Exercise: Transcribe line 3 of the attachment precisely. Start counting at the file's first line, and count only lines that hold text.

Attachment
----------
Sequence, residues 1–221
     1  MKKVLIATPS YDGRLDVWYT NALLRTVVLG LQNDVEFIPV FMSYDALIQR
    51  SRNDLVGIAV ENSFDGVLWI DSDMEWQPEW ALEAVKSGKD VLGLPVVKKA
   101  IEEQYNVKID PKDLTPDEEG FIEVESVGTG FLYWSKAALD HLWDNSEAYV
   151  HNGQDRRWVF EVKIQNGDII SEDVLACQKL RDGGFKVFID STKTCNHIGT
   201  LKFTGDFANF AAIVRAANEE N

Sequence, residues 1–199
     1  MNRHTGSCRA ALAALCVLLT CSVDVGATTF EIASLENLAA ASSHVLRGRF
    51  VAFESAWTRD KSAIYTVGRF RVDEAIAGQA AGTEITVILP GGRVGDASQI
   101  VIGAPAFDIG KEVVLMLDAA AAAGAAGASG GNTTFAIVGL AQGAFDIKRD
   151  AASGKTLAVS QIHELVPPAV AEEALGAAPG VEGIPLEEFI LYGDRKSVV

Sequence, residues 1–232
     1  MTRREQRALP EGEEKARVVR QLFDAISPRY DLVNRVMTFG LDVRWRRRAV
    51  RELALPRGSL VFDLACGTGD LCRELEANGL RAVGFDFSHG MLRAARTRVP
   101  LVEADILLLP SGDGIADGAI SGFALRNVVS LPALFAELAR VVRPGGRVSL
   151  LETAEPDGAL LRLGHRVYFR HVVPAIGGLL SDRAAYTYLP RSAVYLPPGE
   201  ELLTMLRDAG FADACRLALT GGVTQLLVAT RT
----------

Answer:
    51  SRNDLVGIAV ENSFDGVLWI DSDMEWQPEW ALEAVKSGKD VLGLPVVKKA